For more information, download the full report and other materials at

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The Istanbul Policy Center (IPC) held a conference at Sabanci University, Istanbul on 24 September 2010 to initiate public discussion on the impacts of the Turkish Biosafety law and regulations on the country's ability to secure its food production while reducing the environmental footprint of its agriculture. Analysis showed that regulations will pose implementation challenges and impede the development and deployment of biotechnology in Turkey.

Presentations and discussions addressed a wide variety of topics including experiences in implementing Biosafety Policies in developing countries. It was recommended that the Turkish Biosafety law and implementing regulations be reviewed on the short term, and that such review is best conducted in the context of an overall government policy on biotechnology, sustainable agricultural production, improved health care and environmental protection.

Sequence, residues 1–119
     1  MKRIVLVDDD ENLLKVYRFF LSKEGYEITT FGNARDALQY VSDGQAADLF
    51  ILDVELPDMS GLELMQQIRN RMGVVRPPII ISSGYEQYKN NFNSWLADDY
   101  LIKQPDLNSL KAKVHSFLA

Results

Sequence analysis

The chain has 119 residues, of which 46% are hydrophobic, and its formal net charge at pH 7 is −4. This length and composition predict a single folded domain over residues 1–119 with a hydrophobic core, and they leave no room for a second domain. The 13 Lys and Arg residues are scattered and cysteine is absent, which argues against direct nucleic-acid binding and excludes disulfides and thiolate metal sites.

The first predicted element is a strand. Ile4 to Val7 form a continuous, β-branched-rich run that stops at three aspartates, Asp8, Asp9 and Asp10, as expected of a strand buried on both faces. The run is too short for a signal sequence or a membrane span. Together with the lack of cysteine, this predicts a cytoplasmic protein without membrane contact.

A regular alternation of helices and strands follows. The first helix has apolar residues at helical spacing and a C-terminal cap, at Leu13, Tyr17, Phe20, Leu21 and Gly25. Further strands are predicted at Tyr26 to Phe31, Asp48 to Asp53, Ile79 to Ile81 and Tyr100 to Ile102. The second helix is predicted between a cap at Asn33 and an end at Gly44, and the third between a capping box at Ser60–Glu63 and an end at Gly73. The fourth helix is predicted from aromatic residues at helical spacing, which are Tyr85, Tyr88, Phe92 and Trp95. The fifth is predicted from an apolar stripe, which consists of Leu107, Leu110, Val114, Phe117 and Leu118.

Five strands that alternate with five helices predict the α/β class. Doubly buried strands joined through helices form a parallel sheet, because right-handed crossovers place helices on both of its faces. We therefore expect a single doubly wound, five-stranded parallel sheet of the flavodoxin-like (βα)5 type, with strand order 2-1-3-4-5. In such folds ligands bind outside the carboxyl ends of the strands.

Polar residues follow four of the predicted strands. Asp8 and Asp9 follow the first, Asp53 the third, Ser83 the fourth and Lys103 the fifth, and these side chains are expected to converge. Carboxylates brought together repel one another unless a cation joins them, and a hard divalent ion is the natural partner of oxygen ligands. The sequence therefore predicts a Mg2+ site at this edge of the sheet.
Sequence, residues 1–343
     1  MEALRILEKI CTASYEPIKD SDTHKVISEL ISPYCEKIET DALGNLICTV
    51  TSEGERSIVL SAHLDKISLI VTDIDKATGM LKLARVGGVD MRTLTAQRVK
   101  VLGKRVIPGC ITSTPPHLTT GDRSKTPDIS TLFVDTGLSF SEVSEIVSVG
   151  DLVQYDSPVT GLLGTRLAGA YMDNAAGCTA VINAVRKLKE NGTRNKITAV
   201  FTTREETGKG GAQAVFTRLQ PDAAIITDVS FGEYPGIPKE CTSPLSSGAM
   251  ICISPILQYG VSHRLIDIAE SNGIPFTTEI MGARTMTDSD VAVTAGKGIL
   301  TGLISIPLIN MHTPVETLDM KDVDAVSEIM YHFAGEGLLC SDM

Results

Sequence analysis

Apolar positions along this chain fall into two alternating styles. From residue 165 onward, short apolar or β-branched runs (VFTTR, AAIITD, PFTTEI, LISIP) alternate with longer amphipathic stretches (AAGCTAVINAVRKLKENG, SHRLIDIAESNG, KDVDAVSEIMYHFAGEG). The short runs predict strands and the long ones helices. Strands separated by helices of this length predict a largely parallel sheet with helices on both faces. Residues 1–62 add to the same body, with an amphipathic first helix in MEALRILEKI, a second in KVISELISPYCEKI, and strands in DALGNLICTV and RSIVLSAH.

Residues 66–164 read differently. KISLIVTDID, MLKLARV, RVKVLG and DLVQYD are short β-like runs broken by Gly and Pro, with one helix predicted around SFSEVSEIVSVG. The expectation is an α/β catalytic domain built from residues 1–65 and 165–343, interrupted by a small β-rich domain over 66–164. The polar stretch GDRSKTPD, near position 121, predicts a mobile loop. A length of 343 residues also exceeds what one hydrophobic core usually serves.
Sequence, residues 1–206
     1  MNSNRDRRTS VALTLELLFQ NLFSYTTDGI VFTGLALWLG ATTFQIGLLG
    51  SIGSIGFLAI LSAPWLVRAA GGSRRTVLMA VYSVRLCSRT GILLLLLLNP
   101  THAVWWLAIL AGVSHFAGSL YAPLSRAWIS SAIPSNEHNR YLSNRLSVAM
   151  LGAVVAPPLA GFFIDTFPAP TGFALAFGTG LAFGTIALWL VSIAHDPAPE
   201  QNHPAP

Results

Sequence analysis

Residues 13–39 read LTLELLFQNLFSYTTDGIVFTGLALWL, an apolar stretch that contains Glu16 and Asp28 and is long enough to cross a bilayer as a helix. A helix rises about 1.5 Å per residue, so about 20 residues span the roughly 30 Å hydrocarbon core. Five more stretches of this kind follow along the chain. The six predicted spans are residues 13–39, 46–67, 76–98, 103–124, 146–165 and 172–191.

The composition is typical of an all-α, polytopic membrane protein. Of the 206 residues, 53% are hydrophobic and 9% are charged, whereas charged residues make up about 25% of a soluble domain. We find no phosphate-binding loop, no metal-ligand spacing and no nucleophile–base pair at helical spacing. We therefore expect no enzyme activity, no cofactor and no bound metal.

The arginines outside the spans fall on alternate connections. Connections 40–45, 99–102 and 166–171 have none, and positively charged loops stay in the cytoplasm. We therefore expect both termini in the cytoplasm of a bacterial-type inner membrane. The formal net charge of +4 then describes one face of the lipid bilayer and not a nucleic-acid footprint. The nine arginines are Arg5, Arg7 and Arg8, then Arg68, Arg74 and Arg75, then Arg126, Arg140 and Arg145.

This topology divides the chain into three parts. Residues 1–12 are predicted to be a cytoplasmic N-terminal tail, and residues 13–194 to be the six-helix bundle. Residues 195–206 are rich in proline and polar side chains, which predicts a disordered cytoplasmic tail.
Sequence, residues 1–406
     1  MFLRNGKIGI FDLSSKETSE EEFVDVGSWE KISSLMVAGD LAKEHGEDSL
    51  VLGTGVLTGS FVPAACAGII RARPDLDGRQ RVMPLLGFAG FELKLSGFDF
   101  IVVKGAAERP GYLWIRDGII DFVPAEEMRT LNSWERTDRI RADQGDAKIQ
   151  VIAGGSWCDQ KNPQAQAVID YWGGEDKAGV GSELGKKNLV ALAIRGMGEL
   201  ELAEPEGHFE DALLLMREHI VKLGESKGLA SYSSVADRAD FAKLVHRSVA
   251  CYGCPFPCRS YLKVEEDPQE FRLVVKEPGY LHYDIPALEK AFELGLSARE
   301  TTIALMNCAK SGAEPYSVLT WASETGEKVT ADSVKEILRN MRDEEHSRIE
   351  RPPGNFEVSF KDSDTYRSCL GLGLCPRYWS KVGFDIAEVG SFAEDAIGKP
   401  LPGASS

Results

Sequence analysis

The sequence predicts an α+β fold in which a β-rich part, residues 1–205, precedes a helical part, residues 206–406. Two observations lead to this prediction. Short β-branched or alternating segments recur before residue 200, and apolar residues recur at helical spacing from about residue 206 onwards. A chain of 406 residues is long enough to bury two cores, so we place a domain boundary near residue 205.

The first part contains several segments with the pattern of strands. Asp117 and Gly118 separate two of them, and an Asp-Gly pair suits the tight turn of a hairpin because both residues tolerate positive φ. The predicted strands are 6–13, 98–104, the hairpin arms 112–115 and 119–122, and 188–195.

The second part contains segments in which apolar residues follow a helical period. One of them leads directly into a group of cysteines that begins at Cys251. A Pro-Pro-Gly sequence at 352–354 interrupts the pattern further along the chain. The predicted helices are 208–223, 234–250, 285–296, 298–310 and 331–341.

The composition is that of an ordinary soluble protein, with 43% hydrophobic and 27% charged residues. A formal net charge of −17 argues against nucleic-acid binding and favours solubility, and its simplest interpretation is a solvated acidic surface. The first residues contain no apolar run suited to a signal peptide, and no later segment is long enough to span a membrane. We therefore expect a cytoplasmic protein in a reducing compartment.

For more on the Sabanci conference and biotech issues in Turkey contact Prof. Selim Centiner of Sabanci University, Istanbul at

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The Australian Office of Gene Technology Regulator (OGTR) announced its decision to issue a license to the Bayer CropScience Pty Ltd for its limited and controlled release of GM canola and Indian mustard lines which are genetically modified for herbicide tolerance with or without a hybrid breeding system. The license authorizes the release of up to 21 trial sites per year at 19 selected areas in South Australia and Victoria.